Nepal is a multi-geographic country. It is located in the southern Asia, between the two large countries, China and India. Hence called ‘Nepal is a yam caught between two rocks’. The total area of Nepal is 1, 47,181sq.km, where 92.94% is covered by land and the rest 7.06% is covered by water. It has 2, 926km total land border, where China touches1,236 km and India touches 1,690km. The climate varies from cool summers and severe winters in the north, to subtropical summers and mild winters in the south.
Topographically, it is Terai or flat river plain of the Ganges in south, central hill region, rugged Himalayas in north. The lowest point of Nepal is Kanchan Kalan measuring 70m and the highest point is Mt Everest, which is 8848m.The land used for permanent crops is 0.64%, arable land is 21.68% and others 77.68% according to the record of 2001. The irrigative land of Nepal is 11,350 sq km (1998 est.)Natural hazards of Nepal are severe thunderstorms, flooding, landslides, drought, famine depending on the timing, intensity duration of the summer monsoons.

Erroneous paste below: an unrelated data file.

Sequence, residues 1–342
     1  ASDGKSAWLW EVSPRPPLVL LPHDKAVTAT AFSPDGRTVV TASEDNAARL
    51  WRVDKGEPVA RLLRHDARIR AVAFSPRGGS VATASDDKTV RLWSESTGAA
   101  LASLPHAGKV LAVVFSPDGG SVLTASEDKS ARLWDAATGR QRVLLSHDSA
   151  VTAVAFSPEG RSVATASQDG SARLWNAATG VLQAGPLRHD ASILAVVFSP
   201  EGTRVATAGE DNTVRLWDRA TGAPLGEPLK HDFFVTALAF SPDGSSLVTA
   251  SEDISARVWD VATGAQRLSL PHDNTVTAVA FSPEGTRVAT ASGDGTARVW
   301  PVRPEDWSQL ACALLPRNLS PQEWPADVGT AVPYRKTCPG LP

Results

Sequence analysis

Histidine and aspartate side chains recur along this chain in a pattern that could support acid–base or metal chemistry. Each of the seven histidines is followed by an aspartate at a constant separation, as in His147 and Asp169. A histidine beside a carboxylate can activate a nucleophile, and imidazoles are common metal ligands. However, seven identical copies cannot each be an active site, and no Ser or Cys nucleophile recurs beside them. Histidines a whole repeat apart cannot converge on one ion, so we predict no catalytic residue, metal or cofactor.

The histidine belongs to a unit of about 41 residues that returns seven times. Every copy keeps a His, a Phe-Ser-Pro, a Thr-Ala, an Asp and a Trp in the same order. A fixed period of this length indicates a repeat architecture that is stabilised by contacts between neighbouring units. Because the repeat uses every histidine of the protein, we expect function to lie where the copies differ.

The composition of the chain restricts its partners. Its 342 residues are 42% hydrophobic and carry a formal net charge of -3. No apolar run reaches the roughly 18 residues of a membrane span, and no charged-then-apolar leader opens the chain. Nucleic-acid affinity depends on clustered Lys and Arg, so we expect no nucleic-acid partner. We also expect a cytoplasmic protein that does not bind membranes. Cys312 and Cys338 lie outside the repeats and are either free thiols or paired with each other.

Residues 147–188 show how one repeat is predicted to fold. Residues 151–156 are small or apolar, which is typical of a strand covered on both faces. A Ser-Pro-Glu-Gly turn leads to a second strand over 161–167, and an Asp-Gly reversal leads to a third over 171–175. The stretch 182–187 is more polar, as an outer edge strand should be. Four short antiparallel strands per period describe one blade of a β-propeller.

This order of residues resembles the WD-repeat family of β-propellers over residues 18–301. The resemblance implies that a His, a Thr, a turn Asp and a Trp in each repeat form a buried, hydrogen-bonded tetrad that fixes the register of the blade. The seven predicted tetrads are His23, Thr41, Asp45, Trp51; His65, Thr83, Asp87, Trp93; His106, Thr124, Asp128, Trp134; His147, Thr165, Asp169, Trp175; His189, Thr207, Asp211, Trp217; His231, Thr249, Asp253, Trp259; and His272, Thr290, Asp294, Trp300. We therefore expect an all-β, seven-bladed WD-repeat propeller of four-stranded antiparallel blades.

Nepal is divided into three main physiographic regions-Hilly region, mountainous region and Terai regions. The Terai region supports about 48.4% of Nepal’s population and a lot of the country’s cultivable land and covers 17% of the total area of Nepal. The Terai also includes the big cities: Nepalgunj, Birgunj, Janakpur, Bhairahawa, and Biratnagar. The hilly region covers 68% of the total area of the country and it supports 44.3% of the populations. This region includes Kathmandu, Pokhara, Patan, Gorkha and Jumla. The mountain region covers 15% area of the country. This region supports 7.3% of the populations and the region includes some of the world’s most famous mountains such as Mt. Everest, Annapurna, Gaurishankar, and Machhapuchre.